The crew begins to follow the whale after he signals Nolan to follow him. Ken (who was saved by the orca at the beginning of the film) is leaning over the side when the whale surfaces and grabs him with its jaws, killing him. They follow the whale until they reach the Strait of Belle Isle, but when Paul starts to get into a lifeboat, the orca knocks Paul out of the boat and drowns him. The next day, the whale shoves an iceberg into the boat and starts to sink it. Nolan manages to harpoon the whale just as he and Bedford escape from the boat, but Umilak is crushed beneath an avalanche of ice just after sending out an SOS.

Nolan and Bedford hide on an iceberg, although Nolan slips onto another. The orca separates the icebergs, trapping Nolan. The whale jumps onto the ice, causing it to tilt and sending Nolan into the water. The whale lifts Nolan up with his tail and throws him onto another iceberg, killing him, while Bedford looks on helplessly. With his revenge complete, the whale swims southward under the ice, while a helicopter is seen coming to rescue Bedford.



Producer Luciano Vincenzoni was first assigned to give the film a head start after being called by Dino de Laurentiis in the middle of the night in 1975. Upon admitting that he had watched the film Jaws, Vincenzoni was instructed by de Laurentiis to "find a fish tougher and more terrible than the great white". Having had little interest in sea life beforehand, Vincenzoni was directed to killer whales by his brother Adriano, who had a personal interest in zoology. Filming took place largely in Newfoundland during the fishing season. Most filming took place in the town of Petty Harbour, about 15 kilometres south of the capital city, St. John's.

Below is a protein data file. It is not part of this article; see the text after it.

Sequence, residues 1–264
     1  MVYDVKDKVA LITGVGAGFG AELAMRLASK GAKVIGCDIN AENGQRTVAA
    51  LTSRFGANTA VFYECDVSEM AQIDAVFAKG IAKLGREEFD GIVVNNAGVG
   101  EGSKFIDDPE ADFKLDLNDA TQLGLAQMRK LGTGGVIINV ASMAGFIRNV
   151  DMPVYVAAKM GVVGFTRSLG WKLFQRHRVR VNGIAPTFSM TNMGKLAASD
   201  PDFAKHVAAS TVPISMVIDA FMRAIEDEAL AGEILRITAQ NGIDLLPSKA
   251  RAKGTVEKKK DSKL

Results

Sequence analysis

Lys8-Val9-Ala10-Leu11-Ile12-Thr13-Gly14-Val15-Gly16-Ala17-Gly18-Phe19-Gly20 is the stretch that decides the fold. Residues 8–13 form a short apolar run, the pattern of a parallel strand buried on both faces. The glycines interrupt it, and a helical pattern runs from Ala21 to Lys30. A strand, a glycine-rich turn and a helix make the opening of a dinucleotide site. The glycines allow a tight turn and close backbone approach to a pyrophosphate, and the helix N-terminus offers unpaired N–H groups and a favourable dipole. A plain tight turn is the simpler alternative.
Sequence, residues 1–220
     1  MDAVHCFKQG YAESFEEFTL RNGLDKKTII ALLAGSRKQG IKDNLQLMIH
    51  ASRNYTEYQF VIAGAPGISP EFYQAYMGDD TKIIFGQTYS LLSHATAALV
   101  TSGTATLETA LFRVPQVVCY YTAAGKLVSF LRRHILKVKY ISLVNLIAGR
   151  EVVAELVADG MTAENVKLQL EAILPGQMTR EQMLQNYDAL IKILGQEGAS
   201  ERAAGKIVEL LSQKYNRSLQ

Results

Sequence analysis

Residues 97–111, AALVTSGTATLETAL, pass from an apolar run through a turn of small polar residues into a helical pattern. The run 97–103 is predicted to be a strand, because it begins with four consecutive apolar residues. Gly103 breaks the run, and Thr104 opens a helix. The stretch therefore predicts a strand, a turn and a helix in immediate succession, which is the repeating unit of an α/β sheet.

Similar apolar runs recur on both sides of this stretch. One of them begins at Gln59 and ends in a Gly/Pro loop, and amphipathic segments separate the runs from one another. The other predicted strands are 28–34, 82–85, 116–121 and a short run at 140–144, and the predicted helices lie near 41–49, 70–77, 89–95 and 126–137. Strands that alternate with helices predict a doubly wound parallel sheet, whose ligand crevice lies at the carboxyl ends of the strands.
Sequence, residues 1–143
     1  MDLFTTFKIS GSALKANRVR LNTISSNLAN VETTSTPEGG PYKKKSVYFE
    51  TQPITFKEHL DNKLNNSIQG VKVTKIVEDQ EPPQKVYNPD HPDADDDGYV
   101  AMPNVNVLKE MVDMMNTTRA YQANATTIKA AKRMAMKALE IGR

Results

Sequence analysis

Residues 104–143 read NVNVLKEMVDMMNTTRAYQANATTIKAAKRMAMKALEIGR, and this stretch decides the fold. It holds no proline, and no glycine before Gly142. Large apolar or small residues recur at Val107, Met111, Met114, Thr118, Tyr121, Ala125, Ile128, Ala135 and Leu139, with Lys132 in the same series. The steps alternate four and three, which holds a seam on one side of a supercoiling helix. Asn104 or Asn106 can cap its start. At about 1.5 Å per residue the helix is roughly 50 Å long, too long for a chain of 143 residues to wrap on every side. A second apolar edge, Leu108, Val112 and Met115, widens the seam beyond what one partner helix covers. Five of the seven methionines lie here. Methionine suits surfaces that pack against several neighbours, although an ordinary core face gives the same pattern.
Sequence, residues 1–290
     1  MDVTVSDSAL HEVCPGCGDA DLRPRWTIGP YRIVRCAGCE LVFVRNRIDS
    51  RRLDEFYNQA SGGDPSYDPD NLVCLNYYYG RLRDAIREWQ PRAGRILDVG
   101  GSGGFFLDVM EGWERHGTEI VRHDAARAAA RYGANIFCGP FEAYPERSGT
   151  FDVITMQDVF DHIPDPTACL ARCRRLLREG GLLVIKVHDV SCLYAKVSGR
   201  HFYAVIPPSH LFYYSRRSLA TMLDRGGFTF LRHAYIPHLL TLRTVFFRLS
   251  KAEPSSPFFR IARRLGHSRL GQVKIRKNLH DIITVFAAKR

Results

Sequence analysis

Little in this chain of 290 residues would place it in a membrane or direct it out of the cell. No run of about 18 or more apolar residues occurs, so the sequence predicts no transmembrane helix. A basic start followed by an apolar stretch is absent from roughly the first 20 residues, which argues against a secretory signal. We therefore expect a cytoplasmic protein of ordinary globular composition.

The main orcas used for filming were trained animals from Marineland of the Pacific and Marine World Africa (Six Flags Discovery Kingdom), though artificial rubber whales were also used. These models were so lifelike that several animal rights activists blocked the trucks transporting them, confusing them for real orcas. The shark used early in the film was captured by noted shark hunter Ron Taylor. The scenery meant to represent a remote polar region of Labrador was fabricated in Malta by designer Mario Garbuglia.[9]

According to Vincenzoni, Richard Harris had begun to drink heavily on set after reading a tabloid magazine and seeing a photograph of his wife Ann Turkel on a beach with a younger man. He reportedly intended to stop performing and fly to Malibu in order to kill them, relenting only after getting into a brawl which resulted in Vincenzoni getting a black eye.[9] The 46-year-old Harris insisted on performing his own stunts in the polar sequences and was nearly killed on several occasions.[3]


The film grossed $3.5 million from 775 theatres in its opening weekend[10] and went on to gross $14,717,854 in the United States and Canada.[5]